The idea of conflict is what sticks out as you read the text. Sometimes the conflict is resolved in a single page and other times the conflict runs the course of the text. Whether it is Chinaski’s conflict with the Jonstone, his boss at the post office, conflict over the placement of a hat at the workplace, conflict with his girlfriend’s father, conflict at the funeral over flowers, conflict caused by the schemas he has to learn, conflict with his coworker Janko, conflict with a pimp, conflict when he gets his girlfriend pregnant, the fire at the workplace is another conflict, the decrease in water fountains acts as conflict too and so on.

The text is riddled with minor and major issues that the character has to deal with and confront. These conflicts are either caused by other characters or they are a result of Chinaski’s character flaws. An example of such a flaw being the issue of the hat. Whether it is Chinaski’s attitude, pride or ego, he rather come into conflict with his supervisor instead of abiding by the new rule of placing hats in one’s own locker.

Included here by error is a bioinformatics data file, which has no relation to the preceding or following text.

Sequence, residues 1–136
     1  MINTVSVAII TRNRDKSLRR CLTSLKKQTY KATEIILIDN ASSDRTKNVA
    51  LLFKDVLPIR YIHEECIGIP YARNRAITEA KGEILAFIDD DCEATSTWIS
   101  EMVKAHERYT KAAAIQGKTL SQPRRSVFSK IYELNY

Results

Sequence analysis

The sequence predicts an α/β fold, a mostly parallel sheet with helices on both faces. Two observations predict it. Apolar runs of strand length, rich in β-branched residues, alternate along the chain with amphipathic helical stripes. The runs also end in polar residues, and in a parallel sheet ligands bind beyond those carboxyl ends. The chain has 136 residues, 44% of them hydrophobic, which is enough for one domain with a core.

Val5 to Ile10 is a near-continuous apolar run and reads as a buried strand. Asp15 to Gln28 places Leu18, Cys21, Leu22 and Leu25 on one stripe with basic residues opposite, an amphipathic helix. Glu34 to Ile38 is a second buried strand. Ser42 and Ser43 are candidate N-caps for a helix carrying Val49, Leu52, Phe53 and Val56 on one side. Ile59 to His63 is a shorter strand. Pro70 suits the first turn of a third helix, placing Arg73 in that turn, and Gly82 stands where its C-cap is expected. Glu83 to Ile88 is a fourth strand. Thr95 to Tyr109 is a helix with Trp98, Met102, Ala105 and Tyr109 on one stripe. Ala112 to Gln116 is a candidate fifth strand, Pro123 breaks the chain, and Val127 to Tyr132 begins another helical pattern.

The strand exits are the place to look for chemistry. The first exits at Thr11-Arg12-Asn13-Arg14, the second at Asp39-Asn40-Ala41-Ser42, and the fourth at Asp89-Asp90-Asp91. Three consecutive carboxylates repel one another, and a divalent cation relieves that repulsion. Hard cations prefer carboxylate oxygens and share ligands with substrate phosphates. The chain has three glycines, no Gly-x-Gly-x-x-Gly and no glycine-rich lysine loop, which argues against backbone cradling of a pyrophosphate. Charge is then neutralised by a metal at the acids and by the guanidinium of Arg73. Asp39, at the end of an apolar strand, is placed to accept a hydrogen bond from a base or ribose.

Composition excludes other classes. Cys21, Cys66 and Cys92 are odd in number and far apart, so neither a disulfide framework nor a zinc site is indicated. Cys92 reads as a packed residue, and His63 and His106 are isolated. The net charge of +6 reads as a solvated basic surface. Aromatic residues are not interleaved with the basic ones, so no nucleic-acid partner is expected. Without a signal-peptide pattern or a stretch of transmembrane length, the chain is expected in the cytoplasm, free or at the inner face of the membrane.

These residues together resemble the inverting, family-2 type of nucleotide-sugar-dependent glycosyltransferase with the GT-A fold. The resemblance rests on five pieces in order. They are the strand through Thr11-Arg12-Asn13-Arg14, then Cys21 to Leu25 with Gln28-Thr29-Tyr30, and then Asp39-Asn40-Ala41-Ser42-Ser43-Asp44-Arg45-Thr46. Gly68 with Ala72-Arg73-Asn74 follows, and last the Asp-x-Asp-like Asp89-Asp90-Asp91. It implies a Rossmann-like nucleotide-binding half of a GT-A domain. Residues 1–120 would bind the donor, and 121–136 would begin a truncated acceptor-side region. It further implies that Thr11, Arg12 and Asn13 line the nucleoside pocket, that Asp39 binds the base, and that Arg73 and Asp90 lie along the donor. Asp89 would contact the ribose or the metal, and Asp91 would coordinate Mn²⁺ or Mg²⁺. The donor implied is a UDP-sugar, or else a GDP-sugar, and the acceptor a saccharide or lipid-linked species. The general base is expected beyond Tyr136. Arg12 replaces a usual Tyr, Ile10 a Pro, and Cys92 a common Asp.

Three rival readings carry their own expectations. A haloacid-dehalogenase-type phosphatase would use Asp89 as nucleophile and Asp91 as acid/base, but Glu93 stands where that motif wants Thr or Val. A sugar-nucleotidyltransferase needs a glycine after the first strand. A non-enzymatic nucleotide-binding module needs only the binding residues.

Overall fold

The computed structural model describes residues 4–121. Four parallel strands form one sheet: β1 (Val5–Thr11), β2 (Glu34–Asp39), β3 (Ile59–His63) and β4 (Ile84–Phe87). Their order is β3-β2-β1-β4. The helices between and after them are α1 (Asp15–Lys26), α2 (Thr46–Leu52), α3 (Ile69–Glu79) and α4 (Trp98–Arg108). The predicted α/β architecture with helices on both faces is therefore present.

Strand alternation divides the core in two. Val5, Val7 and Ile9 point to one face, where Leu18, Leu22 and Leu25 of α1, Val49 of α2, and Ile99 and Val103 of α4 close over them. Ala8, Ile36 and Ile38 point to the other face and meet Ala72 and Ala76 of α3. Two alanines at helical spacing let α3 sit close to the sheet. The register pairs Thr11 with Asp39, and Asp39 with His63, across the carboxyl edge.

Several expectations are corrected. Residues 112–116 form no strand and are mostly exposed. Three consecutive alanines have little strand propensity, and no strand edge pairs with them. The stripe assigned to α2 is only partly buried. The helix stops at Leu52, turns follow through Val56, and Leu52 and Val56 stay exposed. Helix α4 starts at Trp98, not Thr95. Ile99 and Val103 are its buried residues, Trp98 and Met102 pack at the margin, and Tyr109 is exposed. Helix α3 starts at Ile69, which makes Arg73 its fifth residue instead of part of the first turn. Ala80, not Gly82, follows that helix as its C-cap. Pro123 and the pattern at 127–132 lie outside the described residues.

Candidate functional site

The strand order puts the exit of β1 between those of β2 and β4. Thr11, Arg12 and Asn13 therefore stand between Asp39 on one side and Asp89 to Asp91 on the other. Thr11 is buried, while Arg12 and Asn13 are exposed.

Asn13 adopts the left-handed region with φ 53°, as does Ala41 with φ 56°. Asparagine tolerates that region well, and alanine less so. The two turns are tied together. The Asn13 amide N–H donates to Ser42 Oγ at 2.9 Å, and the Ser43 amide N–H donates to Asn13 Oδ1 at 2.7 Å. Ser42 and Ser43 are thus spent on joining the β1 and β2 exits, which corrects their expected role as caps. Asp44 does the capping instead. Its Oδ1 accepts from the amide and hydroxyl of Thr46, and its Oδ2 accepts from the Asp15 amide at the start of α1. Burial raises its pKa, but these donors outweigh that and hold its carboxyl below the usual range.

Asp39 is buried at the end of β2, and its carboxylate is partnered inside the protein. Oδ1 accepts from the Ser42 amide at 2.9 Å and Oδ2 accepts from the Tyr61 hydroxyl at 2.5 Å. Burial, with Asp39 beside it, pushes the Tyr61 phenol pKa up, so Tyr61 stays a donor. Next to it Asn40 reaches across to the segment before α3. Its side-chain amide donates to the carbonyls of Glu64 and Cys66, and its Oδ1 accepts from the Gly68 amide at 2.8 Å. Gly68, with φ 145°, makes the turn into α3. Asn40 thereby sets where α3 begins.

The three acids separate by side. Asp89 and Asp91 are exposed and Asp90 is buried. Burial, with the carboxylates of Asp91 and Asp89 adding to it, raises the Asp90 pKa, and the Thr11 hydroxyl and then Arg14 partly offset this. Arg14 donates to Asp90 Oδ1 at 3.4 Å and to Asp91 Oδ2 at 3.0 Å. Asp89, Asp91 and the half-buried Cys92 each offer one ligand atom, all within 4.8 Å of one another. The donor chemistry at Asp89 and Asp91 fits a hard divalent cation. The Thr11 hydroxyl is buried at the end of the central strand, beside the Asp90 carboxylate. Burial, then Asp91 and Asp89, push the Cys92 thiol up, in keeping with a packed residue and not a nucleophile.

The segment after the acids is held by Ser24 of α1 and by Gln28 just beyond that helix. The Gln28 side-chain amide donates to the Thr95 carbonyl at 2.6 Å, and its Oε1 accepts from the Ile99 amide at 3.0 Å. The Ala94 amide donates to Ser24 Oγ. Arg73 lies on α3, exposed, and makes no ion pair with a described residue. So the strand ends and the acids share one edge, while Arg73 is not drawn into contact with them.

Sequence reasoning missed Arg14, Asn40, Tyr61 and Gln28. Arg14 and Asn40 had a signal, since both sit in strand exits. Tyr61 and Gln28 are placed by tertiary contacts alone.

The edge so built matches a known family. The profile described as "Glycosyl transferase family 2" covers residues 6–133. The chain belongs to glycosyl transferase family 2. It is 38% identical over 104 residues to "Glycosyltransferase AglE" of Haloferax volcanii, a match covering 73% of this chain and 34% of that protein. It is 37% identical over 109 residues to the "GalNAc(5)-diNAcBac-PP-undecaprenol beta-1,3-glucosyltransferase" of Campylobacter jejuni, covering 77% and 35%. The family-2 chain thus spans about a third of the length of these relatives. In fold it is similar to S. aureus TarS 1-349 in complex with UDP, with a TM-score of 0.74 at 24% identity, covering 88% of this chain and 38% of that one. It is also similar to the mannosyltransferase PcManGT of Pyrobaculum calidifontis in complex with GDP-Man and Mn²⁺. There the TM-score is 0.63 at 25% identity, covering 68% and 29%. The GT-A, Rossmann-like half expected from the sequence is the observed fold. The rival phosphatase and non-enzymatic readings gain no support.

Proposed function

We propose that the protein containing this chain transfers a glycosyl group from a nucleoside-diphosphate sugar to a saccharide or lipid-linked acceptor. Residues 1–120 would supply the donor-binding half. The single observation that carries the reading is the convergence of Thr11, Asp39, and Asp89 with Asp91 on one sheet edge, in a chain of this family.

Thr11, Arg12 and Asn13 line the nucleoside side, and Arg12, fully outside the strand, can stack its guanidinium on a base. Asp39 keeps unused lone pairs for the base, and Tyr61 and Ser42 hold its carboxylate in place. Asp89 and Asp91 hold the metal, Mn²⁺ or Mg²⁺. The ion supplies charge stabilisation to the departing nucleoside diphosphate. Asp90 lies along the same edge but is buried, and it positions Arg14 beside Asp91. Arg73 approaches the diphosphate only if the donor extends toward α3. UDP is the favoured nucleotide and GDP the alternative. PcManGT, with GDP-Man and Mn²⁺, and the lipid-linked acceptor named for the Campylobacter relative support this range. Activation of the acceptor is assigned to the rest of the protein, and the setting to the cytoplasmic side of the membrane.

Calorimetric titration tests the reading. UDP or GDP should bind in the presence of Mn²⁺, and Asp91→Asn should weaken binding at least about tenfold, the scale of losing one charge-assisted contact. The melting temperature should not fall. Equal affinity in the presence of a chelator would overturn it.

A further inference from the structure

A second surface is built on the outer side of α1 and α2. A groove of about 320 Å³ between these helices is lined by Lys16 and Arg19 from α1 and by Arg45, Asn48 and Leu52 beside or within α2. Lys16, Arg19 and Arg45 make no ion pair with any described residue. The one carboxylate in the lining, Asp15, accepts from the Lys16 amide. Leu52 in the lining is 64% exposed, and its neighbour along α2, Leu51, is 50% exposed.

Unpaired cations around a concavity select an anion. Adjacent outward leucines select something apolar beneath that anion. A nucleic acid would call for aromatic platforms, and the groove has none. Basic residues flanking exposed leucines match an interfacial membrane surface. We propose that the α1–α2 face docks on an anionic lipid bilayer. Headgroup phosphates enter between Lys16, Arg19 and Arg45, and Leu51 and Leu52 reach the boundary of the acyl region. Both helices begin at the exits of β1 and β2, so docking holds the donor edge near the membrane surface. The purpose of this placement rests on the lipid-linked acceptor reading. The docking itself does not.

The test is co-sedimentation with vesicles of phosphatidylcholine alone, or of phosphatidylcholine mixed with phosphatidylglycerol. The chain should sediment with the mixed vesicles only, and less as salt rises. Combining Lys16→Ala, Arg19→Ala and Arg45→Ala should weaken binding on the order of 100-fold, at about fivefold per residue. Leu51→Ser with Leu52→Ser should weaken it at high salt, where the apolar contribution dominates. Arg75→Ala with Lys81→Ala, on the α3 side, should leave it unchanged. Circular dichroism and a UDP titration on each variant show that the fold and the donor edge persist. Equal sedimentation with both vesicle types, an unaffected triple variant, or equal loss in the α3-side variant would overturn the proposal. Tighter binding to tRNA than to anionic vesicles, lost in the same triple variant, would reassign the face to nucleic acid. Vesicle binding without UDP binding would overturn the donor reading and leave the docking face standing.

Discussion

The story is driven by the main character but, it is the interaction of that character with people, things, feelings, emotions that cause conflict that fills out the text. In the Post Office, one is reading about a degenerate womanizer who is drunk most of the time however, it is still interesting and captivating because, through the resolutions or the lack of resolution of these conflicts, the reader can reflect on their own choices and decisions and take away either how to act or most likely in this case, how not to act.

Ernest Hemingway On What To Write About